A darkening global economic outlook, increasingly challenged policymaking, and fuller valuations have weakened the case for our long position in Japanese equities considerably; we are changing our view to neutral. Despite their positive corporate fundamentals, Japanese companies operationally are highly exposed to the weakening global economic cycle.
The adjustment comes after a spell of smart outperformance by Japanese equities against European stocks this year. We are now rotating our exposure tactically to US equities, in particular technology stocks. Valuations look increasingly attractive. Tech stocks are typically more defensive by nature and should benefit from central banks eventually turning away from policy tightening.
Our conviction in being long Chinese equities has weakened following the latest Communist Party Congress, while market technicals have added to the recent selloff.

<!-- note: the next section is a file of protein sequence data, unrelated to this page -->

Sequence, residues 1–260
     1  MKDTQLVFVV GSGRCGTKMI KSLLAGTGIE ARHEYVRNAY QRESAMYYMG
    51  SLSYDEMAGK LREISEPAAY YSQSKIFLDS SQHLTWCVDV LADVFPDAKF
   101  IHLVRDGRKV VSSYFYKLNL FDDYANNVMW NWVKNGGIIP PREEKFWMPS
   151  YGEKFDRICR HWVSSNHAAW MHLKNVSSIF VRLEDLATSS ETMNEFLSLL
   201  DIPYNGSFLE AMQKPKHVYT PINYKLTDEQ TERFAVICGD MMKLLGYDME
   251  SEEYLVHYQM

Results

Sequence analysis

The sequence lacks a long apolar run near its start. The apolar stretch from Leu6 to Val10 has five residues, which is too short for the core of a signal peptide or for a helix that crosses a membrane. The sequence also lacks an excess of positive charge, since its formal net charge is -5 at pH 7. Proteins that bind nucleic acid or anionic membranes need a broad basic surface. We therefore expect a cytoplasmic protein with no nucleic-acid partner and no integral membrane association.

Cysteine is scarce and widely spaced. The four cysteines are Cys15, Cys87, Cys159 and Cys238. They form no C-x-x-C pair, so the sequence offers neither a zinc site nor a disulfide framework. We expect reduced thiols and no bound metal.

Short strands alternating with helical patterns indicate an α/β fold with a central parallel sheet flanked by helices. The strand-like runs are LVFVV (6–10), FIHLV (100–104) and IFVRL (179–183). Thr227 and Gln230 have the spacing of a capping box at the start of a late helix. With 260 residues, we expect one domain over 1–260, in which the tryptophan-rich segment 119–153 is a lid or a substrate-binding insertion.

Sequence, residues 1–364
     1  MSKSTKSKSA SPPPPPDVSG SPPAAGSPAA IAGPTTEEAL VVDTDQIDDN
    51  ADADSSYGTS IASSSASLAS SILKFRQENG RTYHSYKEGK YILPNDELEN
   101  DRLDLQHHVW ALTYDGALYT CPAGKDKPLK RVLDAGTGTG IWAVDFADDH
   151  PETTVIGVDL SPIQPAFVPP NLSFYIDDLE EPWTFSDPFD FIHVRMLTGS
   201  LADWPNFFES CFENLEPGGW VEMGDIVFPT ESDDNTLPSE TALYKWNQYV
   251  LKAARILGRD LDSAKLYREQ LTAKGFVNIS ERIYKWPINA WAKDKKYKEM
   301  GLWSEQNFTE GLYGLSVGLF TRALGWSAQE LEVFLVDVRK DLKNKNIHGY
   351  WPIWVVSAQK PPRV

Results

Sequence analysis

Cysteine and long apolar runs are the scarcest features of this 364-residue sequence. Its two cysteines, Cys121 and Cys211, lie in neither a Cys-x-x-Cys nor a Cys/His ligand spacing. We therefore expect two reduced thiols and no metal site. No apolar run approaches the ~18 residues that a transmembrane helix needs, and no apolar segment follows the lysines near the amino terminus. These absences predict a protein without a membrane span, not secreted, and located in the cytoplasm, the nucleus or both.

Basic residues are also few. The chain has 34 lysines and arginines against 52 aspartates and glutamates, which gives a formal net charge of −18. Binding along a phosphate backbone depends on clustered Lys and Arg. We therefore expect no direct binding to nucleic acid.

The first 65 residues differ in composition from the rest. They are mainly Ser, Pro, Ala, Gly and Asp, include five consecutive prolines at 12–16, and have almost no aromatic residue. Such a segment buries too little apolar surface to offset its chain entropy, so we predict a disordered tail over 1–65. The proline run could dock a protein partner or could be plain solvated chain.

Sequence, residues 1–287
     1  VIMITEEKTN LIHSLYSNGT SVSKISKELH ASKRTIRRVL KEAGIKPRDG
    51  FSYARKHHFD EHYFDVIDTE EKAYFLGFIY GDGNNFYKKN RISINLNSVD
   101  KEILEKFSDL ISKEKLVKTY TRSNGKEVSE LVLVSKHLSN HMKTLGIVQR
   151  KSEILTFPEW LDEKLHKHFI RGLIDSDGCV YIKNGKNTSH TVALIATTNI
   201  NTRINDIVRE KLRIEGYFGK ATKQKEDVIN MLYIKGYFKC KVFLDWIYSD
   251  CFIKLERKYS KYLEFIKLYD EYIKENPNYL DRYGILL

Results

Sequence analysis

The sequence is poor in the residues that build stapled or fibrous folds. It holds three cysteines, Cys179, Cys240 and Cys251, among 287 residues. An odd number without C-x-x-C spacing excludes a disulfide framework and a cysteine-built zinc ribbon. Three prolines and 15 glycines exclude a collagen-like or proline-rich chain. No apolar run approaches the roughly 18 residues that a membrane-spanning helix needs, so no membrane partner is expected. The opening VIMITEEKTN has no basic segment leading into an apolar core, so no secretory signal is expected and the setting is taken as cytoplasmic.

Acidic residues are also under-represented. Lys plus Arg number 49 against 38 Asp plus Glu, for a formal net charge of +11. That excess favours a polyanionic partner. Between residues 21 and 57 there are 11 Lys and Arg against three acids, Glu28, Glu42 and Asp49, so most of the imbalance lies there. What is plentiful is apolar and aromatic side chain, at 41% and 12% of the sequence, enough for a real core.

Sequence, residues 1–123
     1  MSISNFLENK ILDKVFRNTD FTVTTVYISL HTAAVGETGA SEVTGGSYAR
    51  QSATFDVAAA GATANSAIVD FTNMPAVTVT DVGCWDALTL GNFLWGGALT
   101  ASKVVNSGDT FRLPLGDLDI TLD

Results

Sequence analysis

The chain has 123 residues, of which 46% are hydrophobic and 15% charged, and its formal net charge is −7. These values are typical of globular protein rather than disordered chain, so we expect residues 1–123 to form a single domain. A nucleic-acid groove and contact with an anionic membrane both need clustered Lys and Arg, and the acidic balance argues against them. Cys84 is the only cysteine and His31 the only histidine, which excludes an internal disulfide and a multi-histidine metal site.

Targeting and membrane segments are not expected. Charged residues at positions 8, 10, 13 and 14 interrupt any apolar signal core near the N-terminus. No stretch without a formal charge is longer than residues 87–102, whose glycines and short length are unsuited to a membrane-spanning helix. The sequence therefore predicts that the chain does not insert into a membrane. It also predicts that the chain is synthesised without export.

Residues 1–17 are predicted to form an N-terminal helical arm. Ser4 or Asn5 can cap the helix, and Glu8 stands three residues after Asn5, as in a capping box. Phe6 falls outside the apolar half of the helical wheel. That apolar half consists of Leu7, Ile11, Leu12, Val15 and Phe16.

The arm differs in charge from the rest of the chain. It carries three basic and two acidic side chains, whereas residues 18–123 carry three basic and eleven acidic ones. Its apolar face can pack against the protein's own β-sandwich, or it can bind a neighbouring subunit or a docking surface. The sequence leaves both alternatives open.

We also feel that the disconnect between the valuations of Chinese stocks and equities in the rest of the world (RoW) has become more profound. We will cautiously exit the position.
We believe valuations of RoW equities do not yet fully reflect the macroeconomic weakness, nor do analysts’ cash flow projections. We note that adjustments have been seen mostly in emerging markets, with the US and Europe lagging. Attractive areas today are concentrated in Asia (where analysts’ earnings expectations have fallen notably). Here, we are already long (see table below).
On fixed income, we have added to our long position in European investment-grade (IG) credit.
We are steering clear of emerging market debt for now, taking the view that it is mainly higher-yielding names that look attractively valued at this point. Idiosyncratic risk and mounting global growth concerns are not sufficiently priced in this asset class, in our view.
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